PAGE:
- Markets looking to end week on positive note. U.S. stocks are moving higher in early trade, following gains in Asia overnight and strength in European markets. Despite the hawkish tone Federal Reserve Bank (Fed) minutes struck earlier in the week, markets will have the chance to finish the week higher; yesterday’s session saw the major averages fall, led by the heavily weighted financial sector, which gave up some of Wednesday’s strong gains. The yield on the 10-year note also dropped, but is moving higher again this morning. WTI crude oil, COMEX gold, and the dollar are all relatively unchanged, following similar sessions yesterday.
- Down four in a row, but not out. The S&P 500 is slightly lower for the week, which would mark four consecutive weekly declines for the first time since October 2014. The good news is the S&P 500 is down only 2.5% for the past four weeks, making that one of the smallest losses during a four-week losing streak in 22 years.
- A year since new highs. One year ago tomorrow the S&P 500 closed at 2130.82, which was also the last time it closed at an all-time high. Going back to 1955, there were 12 other times the S&P 500 went a full calendar year without a new high. Today on the LPL Research blog we will take a closer look at this development.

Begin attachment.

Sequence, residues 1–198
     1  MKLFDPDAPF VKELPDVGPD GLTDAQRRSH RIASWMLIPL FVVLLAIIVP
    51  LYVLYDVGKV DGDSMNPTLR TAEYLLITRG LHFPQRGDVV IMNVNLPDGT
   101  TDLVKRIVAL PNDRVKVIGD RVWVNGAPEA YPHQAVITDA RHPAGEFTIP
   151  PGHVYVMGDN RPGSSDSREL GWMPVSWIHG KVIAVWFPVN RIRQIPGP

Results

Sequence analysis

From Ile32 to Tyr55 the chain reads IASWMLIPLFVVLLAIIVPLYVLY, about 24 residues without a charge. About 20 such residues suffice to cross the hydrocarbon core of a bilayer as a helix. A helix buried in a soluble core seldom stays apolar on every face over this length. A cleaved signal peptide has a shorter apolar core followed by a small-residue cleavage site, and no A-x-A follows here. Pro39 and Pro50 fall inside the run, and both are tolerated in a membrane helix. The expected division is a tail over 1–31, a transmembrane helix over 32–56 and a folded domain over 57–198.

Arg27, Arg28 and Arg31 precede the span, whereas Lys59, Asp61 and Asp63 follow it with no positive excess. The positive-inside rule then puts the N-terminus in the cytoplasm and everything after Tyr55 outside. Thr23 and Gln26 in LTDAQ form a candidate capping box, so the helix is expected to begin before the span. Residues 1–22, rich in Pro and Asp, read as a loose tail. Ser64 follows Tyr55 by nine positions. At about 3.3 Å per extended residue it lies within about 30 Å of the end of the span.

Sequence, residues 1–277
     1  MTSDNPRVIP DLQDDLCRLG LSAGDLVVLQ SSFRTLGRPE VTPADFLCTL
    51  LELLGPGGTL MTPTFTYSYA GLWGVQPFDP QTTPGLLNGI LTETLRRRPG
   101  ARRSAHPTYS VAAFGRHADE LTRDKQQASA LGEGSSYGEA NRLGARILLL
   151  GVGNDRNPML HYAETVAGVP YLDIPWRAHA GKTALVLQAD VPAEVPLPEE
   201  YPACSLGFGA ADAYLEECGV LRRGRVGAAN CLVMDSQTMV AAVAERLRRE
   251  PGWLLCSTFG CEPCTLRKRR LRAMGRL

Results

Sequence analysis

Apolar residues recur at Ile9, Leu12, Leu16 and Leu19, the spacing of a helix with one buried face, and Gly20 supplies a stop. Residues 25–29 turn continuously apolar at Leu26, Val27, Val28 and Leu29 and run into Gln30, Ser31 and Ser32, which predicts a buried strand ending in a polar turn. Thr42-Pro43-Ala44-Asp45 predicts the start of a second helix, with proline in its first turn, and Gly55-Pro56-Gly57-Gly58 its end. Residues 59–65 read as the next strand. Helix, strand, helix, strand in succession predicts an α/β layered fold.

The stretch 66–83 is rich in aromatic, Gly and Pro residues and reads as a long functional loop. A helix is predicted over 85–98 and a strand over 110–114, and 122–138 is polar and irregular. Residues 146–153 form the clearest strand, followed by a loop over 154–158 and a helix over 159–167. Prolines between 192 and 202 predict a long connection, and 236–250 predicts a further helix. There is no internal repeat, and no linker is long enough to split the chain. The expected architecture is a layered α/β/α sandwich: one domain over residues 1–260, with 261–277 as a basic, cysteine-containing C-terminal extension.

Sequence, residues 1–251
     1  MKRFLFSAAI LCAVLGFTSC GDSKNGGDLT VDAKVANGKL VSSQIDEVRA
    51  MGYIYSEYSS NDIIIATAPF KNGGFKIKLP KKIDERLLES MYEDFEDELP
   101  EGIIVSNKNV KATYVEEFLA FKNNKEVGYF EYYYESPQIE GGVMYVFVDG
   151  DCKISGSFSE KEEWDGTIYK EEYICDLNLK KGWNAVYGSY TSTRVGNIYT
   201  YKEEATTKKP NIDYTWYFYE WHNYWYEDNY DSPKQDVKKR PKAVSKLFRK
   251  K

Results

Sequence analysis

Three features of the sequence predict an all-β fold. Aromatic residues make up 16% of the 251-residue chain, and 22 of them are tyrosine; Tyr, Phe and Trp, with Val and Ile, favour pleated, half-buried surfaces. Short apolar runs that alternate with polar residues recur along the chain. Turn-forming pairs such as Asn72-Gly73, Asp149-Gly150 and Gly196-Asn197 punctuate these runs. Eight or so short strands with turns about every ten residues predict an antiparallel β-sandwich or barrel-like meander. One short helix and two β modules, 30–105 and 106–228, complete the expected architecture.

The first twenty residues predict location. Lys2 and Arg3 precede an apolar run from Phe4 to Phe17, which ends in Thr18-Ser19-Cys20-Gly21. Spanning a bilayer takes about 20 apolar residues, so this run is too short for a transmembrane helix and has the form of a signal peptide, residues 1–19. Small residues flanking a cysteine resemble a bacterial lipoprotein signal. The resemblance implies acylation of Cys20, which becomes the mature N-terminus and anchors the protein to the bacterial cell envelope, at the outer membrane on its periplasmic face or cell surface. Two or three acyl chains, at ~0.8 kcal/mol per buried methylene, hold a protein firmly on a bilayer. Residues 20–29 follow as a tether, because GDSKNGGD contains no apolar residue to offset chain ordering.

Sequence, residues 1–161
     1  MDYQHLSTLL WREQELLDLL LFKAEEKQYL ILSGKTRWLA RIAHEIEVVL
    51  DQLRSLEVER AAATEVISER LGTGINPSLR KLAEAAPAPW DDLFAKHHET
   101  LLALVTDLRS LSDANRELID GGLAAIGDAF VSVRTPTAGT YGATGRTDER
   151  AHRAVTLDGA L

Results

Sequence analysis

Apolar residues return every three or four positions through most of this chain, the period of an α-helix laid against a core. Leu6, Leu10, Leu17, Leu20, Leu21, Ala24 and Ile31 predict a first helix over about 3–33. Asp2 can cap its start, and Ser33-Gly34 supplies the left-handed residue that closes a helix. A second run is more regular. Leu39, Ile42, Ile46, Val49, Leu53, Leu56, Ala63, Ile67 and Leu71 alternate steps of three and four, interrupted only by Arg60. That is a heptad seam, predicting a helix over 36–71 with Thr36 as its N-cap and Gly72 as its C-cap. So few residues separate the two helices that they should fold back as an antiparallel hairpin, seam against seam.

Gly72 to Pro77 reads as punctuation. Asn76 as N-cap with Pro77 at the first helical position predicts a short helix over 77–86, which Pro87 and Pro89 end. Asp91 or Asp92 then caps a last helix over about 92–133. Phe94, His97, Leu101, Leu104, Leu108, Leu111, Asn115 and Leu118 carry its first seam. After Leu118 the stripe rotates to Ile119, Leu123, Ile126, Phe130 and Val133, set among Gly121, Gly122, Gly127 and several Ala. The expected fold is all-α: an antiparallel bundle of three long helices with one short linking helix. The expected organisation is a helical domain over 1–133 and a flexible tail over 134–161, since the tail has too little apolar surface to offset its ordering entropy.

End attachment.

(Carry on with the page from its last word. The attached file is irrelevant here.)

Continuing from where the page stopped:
- Week ahead. Fed Chair Janet Yellen and Greg Mankiw, who headed up the Council of Economic Advisors under President Bush, will hold a panel discussion at Harvard on May 27. Former Fed Chair Bernanke will also join the discussion. On the data front, reports on home sales, durable goods imports and exports for April, and the manufacturing Purchasing Managers’ Index (PMI) for May will draw most of the attention. Aside from Yellen, there are more than half a dozen Federal Open Market Committee (FOMC) members on the docket next week. Overseas, the manufacturing PMI for May in Japan and the Eurozone will get plenty of attention early in the week; and later in the week, the May Ifo and ZEW data in Germany will be the focus. The G7 Leaders Summit in Japan is next Thursday and Friday, May 26 and 27.
- Existing Home Sales (Apr)
- Japan: Imports and Exports (Apr)